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Great Apes
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Activities Ape Info Survival Issues Resources Student Work Facts

GENERAL
STUDENTS PRESENT AT iEARN CONFERENCE IN NETHERLANDS... read more
WELCOME TO NEW CONTRIBUTORS IN THE PROJECT...read more
STUDENT ATTEND THE GrASP GREAT APES TOUR CONFERENCE...read more
PRESS ARTICLES
APES "EXTINCT IN A GENERATION" By Richard Black BBC News. ...read more
DAVID SUZIKI ARTICLE- Impact of hunting and disease. ...read more

 

 

 

 

 

 

 

 

STUDENTS PRESENT AT iEARN CONFERENCE IN NETHERLANDS

Two students (Sarah and Paige) from the Great Apes Project are travelling to the 2006 iEARN World Conference in Enschede to give a presentation on the project. They have been preparing for weeks and hope to enjoy the experience and find new friends to support the project.
The students are part of a group of 12 students from all over Australia who will attend the conference and will be participating in the Youth Summit.

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WELCOME TO NEW CONTRIBUTORS IN THE PROJECT

There have been many new contributions to the project over recent times

We would like to thank:

Students from Silverlake Elementary, Delaware, USA

ULugbek Yuldashev from Uzbekistan

Students from Damascus indonesian School, Syria

Students from Chile

We really appreciate all your writings, images and forum contributions and look forward to more contact with you all.

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STUDENT ATTEND THE GrASP GREAT APES TOUR CONFERENCE

On Tuesday March 15 th a group of students from the Great Ape project visited Melbourne to attend a conference, organised by GRASP Australia . The presentation was hosted by 3 guest speakers, Ian Redmond, chief consultant with the UN Great Apes Survival Project, Birute Galdikas, from the United Nations Great Ape Survival Project, Birute Galdikas runs the Leaky Centre, which rescues orphaned young orang-utans, and Leif Cocks who is the president of the Australian Orang-utan Project and a curator at the Perth Zoo.

Birute Galdikas presented an interesting and motivating speech about ways orang-utans are being helped such as an orang-utan orphanage, medications for sick and abused orang-utans, re-introduction of orang-utans to their natural habitat, she discussed the threats and the ways in which her organisation and other individuals/groups are trying to get rights for the apes and the rate of their decline.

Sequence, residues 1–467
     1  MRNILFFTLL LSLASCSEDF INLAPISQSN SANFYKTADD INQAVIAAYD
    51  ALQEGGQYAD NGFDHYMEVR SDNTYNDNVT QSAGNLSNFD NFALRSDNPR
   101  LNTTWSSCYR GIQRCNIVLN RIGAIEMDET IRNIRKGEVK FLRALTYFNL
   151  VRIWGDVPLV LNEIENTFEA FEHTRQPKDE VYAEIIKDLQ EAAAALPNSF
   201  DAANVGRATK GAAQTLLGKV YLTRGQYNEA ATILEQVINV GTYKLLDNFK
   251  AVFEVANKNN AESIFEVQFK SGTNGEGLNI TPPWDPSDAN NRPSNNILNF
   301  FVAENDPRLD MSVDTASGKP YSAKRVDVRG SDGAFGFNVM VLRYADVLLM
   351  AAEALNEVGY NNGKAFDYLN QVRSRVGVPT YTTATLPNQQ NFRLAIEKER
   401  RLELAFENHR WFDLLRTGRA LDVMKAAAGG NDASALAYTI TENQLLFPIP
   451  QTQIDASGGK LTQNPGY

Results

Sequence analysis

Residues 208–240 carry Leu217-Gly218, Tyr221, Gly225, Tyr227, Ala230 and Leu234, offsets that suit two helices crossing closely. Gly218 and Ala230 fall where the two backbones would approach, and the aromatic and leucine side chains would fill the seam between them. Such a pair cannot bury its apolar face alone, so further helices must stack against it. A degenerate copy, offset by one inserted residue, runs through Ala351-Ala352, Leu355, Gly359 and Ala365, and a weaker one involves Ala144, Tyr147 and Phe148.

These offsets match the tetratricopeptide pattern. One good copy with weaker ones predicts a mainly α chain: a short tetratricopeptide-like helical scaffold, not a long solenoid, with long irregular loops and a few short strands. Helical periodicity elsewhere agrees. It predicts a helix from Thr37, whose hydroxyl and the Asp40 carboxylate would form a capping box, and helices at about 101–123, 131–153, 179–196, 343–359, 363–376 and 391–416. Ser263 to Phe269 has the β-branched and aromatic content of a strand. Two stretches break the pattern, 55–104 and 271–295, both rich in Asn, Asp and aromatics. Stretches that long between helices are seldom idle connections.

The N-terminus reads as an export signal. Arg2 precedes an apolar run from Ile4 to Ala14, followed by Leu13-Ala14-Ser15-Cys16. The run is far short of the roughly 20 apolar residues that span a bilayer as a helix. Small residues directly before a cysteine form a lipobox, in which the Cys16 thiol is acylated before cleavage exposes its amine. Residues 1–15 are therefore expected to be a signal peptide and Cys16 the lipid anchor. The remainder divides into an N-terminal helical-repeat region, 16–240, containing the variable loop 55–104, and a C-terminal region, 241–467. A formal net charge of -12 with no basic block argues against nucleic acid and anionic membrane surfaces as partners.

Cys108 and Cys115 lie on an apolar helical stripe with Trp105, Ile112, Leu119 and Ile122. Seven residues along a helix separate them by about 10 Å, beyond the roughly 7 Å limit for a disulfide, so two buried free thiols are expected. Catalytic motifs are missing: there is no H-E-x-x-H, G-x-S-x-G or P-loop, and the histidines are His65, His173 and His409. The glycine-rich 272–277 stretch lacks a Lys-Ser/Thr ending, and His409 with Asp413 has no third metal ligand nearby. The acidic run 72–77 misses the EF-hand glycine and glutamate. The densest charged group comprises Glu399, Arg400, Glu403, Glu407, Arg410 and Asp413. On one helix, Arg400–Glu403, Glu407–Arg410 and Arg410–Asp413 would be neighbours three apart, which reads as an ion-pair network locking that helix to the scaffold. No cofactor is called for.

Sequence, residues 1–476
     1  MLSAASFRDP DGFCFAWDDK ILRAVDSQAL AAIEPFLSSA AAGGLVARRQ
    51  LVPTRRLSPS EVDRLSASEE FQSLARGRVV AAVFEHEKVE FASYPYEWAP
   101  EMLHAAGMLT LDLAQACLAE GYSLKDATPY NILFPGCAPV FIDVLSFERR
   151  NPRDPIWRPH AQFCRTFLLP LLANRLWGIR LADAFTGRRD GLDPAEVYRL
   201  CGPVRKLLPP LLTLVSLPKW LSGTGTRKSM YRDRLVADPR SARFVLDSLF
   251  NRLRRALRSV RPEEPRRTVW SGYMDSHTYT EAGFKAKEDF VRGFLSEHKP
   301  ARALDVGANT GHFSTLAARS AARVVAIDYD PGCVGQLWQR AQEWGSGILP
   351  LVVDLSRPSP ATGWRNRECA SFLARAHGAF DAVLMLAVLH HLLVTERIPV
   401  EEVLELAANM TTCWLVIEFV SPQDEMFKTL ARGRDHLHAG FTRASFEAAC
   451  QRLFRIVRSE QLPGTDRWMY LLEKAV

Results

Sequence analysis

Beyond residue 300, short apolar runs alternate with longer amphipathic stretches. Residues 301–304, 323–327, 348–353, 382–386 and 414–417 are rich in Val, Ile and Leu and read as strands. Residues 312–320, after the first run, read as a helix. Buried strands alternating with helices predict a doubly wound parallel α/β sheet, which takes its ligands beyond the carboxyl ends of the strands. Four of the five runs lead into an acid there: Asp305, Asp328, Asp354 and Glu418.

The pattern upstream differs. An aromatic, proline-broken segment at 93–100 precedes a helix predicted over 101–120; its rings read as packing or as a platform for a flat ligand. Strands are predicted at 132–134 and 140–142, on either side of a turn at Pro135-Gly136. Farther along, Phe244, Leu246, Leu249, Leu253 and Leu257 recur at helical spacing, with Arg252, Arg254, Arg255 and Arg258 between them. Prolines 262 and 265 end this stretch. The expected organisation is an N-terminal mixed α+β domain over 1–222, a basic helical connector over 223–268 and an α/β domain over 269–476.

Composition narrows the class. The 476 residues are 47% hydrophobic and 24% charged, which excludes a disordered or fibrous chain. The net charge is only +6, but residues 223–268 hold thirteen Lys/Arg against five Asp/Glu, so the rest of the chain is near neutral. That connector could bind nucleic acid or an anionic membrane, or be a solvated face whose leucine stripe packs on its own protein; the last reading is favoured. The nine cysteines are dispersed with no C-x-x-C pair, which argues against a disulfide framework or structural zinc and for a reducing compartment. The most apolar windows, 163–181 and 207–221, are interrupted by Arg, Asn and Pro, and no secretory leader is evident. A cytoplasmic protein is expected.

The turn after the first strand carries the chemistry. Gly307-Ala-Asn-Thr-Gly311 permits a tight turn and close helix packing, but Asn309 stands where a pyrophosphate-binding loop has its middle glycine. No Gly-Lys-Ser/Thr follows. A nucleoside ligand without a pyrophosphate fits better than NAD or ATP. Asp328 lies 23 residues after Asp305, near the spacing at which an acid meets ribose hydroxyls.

Ian Redmond delivered an inspiring speech about how there are many organisation s working together, and how the challenge is for everybody to work together for the common good, the apes and the people who live and work with them.

Leif Cocks presented a thought provoking speech about how we need to question what we think is important and the ethics that are involved, surrounding the survival of the apes.

It was a great night, a well attended presentation the likes of which were presented around Australia through the GRASP network.

Check out the GRASP website for more information.

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David Suzuki
Our closest living relatives are in big trouble. Hunting and a particularly nasty virus are killing off the great apes in alarming numbers.

But beyond the ethical issues of allowing such close kin to die out and the ecological consequences of their demise, the plight of the great apes is a dramatic example of how we have to protect nature to protect ourselves.

Earth's great apes  gorillas, chimpanzees, and orangutans  share more than 95 percent of their genes with humans. In fact, a recent study implies that chimpanzees really are human. The study, published in the Proceedings of the National Academy of Sciences looked at the most functional DNA in humans and chimpanzees and concluded that 99.4 percent of it is identical. This suggests that chimps belong in the genus Homo with the rest of us Homo sapiens .

Naturally, that close relationship raises ethical questions about how we treat chimpanzees and other great apes in captivity and for experimentation. But the biggest threat facing the great apes is in the wild.

According to reports recently published in the journal Nature , a combination of hunting and the Ebola virus is killing great apes in alarming numbers. In Gabon and the Congo , home to 80 percent of Africa 's remaining great apes, researchers estimate that populations have actually plunged by more than half in the past two decades.

In areas near urban centers, the greatest threat comes from commercial hunters who kill great apes to sell for food as part of the thriving bushmeat trade. Logging has opened up roads into the jungle, giving ideal access to hunters who have killed 99 percent of apes in some areas.

In more isolated regions, the Ebola virus has also taken a huge toll, killing up to 90 percent of some populations. Experts say that human activities may have triggered the Ebola outbreak through habitat destruction, by pushing the virus and apes closer together. The twin threats of Ebola and hunting are expected to reduce chimp and gorilla numbers to a few, isolated pockets in 10 to 20 years.

To lose our closest relatives would be an enormous tragedy.

By David Suzuki

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